NASA Lucy spaceship soars into the sky with lab-grown diamonds

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A NASA spacecraft named Lucy exploded in the sky with diamonds on Saturday morning in a 12-year quest to explore eight asteroids.

Seven of the mysterious space rocks are among the asteroid swarms sharing Jupiter’s orbit, believed to be the pristine remnants of the planetary formation.

An Atlas V rocket took off before dawn, sending Lucy on a detour of nearly 6.3 billion kilometers. Researchers became moved as they described the successful launch – lead scientist Hal Levison said it was like witnessing the birth of a child. “Come on Lucy! He insisted.

Lucy is named after the 3.2 million year old skeletal remains of a human ancestor found in Ethiopia almost half a century ago. This discovery takes its name from the 1967 Beatles song Lucy in the sky with Diamonds, prompting NASA to send the spacecraft soaring with the words of group members and words of wisdom from other luminaries printed on a plaque. The spacecraft also carried a disc made of lab-grown diamonds for one of its scientific instruments.

In a video pre-recorded for NASA, Beatles drummer Ringo Starr paid tribute to his late colleague John Lennon, who sang the song that inspired it all.

Lucy will be the first spacecraft to study Jupiter’s Trojan asteroids. (Bill Ingalls / NASA / The Associated Press)

“I’m so excited – Lucy is going back to the sky with diamonds. Johnny is going to love this,” Starr said. “Anyway, if you meet anyone up there, Lucy, give them peace and love from me.”

The paleoanthropologist behind the discovery of Lucy’s fossil, Donald Johanson, had goosebumps watching Lucy fly away. “I will never look at Jupiter the same way again… absolutely breathtaking,” Johanson said. He said he was amazed by this “intersection of our past, our present and our future”.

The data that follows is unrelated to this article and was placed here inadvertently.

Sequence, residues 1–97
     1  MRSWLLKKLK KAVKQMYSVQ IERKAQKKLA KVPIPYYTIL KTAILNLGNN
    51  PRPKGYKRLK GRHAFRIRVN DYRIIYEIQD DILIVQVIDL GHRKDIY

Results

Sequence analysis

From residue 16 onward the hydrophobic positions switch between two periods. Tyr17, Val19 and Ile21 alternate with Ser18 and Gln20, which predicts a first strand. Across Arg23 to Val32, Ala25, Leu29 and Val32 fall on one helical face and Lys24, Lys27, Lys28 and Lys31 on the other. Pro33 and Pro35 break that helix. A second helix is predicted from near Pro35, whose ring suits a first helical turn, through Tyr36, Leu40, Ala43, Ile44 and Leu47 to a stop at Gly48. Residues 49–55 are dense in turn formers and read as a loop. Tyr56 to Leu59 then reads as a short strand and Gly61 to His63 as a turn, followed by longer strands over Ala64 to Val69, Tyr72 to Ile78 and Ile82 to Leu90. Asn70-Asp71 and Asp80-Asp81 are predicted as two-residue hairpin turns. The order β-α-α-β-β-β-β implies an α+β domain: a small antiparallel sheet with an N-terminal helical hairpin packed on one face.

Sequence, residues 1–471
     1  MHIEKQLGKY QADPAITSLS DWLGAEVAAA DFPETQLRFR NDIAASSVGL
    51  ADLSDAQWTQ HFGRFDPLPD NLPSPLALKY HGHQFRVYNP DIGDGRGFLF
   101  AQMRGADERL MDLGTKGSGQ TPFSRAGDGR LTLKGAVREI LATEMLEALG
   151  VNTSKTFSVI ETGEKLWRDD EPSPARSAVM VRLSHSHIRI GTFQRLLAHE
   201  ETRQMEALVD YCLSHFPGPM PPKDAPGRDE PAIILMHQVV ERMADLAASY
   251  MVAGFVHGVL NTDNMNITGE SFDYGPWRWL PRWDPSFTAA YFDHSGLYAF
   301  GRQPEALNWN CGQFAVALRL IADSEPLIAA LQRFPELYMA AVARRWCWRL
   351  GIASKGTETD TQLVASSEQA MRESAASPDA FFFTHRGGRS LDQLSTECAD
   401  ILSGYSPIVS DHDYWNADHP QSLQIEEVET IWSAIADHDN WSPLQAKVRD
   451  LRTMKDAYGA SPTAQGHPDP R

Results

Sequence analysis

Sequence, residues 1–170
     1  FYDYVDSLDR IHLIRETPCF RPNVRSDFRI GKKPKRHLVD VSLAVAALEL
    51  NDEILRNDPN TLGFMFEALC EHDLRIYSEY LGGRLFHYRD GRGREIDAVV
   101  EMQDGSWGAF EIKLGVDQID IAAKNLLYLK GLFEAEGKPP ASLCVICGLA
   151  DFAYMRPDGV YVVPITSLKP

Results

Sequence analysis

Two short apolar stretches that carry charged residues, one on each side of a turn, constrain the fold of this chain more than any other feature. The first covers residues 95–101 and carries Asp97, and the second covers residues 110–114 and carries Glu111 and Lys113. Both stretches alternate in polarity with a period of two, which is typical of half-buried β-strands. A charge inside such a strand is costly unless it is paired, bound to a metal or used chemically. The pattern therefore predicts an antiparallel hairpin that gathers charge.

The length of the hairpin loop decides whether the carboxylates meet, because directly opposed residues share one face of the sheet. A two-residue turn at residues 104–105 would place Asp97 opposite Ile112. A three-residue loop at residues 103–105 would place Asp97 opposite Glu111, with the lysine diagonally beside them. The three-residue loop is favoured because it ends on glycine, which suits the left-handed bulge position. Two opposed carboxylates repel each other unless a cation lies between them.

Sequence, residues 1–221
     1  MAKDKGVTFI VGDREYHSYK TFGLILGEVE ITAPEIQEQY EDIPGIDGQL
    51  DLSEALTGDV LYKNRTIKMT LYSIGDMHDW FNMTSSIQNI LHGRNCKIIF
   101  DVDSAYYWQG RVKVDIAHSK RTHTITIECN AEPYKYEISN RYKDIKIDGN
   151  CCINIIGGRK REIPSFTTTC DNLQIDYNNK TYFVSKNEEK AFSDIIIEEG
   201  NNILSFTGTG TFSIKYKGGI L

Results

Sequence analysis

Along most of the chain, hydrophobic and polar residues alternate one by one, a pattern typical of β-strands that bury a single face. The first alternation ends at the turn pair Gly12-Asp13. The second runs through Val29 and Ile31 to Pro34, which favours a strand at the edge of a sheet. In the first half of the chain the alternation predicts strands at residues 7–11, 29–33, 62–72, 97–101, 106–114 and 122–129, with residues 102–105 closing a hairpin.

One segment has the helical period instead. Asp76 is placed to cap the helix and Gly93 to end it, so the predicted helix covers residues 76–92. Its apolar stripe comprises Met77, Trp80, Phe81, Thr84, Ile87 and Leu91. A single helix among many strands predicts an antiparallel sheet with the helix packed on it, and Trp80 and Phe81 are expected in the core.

“That a human ancestor who lived so long ago spurred a mission that promises to add valuable information about the formation of our solar system is incredibly exciting,” said Johanson, of Arizona State University, who traveled to Cape Canaveral, Florida for their first rocket launch.

Lucy’s $ 981 million U.S. mission is the first to target Jupiter’s so-called Trojan entourage: thousands, if not millions, of asteroids that share the gas giant’s vast orbit around the sun. Some Trojan asteroids precede Jupiter in its orbit, while others follow it.

Despite their orbits, Trojans are far from the planet and for the most part scattered far from each other. So there’s virtually no chance that Lucy will get run over by one as she passes her targets, said Levison of the Southwest Research Institute, the mission’s lead scientist.

Plan to leave Jupiter’s orbit in 2024

Lucy will pass Earth next October and again in 2024 to get enough gravitational force to get to Jupiter’s orbit. On the way, the spacecraft will pass asteroid 52246 Donaldjohanson between Mars and Jupiter. The aptly named rock will serve as the 2025 warm-up for scientific instruments.

Drawing energy from two huge circular solar wings, Lucy will hunt five asteroids in the trojan’s leading pack in the late 2020s. The spacecraft will then zoom out to Earth for another gravitational assist in 2030. This will do this. will send Lucy back to the group of Trojans, where she will pass the last two targets in 2033 for a record eight asteroids visited in a single mission.

It’s a complicated and roundabout path that first made NASA’s science mission chief Thomas Zurbuchen shake his head. “You must be kidding. It’s possible ? he remembers asking.

Lucy will pass within 965 kilometers of each target; the largest is about 113 kilometers in diameter.

“Are there mountains? Valleys? Pits? Mesas? Who knows? I’m sure we’re going to be surprised,” said Hal Weaver of Johns Hopkins University, head of black and white camera at Lucy. “But we can’t wait to see what … the images reveal about these fossils from the formation of the solar system.”

NASA plans to launch another mission next month to test whether humans might be able to alter an asteroid’s orbit – handy in case Earth ever has a killer rock headed that way.



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